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  • Stiffer fines are coming for breaches of the Fisheries Act, says Minister with responsibility for Information, Senator the Hon. Sandrea Falconer.
  • his follows Cabinet’s approval of an increase of all monetary penalties and custodial sentences under the Fishing Industry Act.
  • The revised Fisheries Bill will provide the framework for the proper regulation of the sector and efficient and effective management of the island’s fisheries resources.

Stiffer fines are coming for breaches of the Fisheries Act, says Minister with responsibility for Information, Senator the Hon. Sandrea Falconer.

This follows Cabinet’s approval of an increase of all monetary penalties and custodial sentences under the Fishing Industry Act.

Making the disclosure at today’s (July 3) Jamaica House press briefing, Minister Falconer said the fines are aimed at strengthening enforcement efforts to curtail a number of problems facing the industry.

“The fishing industry continues to be adversely affected by issues such as pollution, overfishing, foreign poaches in Jamaica’s maritime water, invasive alien species, and degradation of critical nursery and breeding ground for fish stock,” she said, noting that drafting instructions have already been issued to the Chief Parliamentary Counsel.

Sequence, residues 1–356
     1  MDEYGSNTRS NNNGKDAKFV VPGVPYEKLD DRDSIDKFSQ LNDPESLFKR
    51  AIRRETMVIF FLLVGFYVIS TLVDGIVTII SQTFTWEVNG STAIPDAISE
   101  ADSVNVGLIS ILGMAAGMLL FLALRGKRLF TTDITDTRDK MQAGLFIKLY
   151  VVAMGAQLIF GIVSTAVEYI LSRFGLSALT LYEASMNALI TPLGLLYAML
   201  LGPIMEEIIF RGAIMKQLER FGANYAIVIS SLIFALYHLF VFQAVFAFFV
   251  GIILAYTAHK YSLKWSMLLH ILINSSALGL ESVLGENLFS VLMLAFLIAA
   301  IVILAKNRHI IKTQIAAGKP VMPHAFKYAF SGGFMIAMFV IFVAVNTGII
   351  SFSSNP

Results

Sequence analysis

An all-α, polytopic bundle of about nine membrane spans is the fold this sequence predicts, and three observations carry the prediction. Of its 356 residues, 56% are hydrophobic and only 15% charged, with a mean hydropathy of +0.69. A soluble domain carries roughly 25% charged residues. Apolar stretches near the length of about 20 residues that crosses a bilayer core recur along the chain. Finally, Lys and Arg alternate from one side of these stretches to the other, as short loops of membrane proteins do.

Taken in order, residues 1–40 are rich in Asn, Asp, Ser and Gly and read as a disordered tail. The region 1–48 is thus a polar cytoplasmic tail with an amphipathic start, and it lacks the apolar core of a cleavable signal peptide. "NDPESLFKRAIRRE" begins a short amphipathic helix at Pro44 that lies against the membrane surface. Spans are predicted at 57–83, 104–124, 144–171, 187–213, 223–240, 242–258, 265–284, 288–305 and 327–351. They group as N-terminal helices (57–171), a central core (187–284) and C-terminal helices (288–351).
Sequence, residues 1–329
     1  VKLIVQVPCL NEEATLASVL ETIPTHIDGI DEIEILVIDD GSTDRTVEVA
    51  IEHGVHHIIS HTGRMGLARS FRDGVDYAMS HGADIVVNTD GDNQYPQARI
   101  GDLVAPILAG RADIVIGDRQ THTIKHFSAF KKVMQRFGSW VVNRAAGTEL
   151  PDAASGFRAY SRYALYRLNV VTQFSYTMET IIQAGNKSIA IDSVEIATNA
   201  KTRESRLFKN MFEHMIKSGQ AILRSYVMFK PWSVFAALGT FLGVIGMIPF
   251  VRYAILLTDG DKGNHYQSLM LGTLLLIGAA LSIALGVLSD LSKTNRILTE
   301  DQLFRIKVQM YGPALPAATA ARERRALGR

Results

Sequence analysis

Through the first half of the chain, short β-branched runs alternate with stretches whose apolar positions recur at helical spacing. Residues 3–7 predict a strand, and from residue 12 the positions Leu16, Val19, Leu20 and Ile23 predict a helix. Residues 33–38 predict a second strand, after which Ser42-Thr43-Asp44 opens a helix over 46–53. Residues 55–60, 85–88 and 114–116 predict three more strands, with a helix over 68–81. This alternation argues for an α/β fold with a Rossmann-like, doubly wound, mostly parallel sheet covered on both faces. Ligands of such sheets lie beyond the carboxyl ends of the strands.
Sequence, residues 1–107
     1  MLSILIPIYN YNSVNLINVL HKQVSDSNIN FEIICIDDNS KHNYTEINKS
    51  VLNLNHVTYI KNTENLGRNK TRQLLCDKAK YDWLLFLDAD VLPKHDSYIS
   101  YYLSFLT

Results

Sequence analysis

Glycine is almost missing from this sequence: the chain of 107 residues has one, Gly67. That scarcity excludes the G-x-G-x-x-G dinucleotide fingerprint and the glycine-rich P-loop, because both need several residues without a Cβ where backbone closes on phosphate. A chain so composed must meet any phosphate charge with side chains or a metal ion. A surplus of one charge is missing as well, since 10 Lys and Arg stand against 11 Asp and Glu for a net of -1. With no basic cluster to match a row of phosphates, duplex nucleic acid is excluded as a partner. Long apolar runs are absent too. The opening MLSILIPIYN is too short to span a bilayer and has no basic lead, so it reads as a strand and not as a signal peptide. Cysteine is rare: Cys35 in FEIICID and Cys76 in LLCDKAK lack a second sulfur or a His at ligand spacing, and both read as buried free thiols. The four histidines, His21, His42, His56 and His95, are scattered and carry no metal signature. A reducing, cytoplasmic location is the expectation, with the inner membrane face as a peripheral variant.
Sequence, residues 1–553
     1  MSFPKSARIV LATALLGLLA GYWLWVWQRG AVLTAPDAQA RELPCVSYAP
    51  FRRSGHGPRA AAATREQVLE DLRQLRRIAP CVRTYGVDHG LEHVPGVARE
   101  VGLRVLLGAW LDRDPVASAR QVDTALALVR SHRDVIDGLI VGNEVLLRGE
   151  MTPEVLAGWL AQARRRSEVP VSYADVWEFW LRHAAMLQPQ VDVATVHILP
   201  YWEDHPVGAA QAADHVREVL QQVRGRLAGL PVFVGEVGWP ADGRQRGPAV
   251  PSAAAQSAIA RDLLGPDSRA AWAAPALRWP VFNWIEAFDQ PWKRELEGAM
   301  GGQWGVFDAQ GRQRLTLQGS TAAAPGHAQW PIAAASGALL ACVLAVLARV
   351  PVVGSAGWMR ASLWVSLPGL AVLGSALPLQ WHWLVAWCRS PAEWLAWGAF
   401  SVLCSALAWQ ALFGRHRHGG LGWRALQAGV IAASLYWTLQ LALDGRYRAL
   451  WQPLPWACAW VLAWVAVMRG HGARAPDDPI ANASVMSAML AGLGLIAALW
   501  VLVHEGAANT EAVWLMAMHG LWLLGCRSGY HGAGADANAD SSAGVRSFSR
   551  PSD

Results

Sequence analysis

She said that current fines for breaches are low, ranging from $20 to $5,000, with many paying scant regard to the provisions under the Act.

The revised Fisheries Bill will provide the framework for the proper regulation of the sector and efficient and effective management of the island’s fisheries resources.

In the meantime, Minister Falconer said Cabinet has approved an Inter-Ministerial Committee under the Chair of Minister of Agriculture and Fisheries to create an appropriate management regime for the Pedro Cays.

“This follows consideration of the findings of the socio-economic survey and carrying capacity study concluded on the Pedro Cays, North East Cay and Middle Cay,” she said.

The study was commissioned to, among other things, determine the carrying capacity, the number of people residing and working on the cays and obtain the relevant socio-economic data as well as recommend measures to avoid further depletion and degrading of the natural resources and sanitary conditions.

Miss Falconer informed that the Pedro Bank has been used by fishers since the 1950s and currently, 430 operators are licenced to operate from the area.

“Issues of unlicenced fishers, the lack of adequate infrastructure and human and solid waste management, and the generally deplorable conditions on the cays have been among the problems affecting the fragile eco-system,” she said.

She informed that as at April 2014, the Ministry of Agriculture and Fisheries has allocated $34.5 million towards the management of the Pedro Cays.